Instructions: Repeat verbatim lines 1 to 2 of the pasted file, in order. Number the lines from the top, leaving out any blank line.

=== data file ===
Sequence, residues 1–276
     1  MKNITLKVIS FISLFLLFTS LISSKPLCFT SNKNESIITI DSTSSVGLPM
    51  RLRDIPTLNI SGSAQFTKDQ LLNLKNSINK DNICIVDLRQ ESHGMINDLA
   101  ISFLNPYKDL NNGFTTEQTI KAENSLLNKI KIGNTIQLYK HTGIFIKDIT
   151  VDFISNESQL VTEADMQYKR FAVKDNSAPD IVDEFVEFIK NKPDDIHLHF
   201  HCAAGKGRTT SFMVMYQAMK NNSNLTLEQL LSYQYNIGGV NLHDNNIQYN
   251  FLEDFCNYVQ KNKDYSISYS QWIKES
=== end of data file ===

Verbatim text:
Sequence, residues 1–276
     1  MKNITLKVIS FISLFLLFTS LISSKPLCFT SNKNESIITI DSTSSVGLPM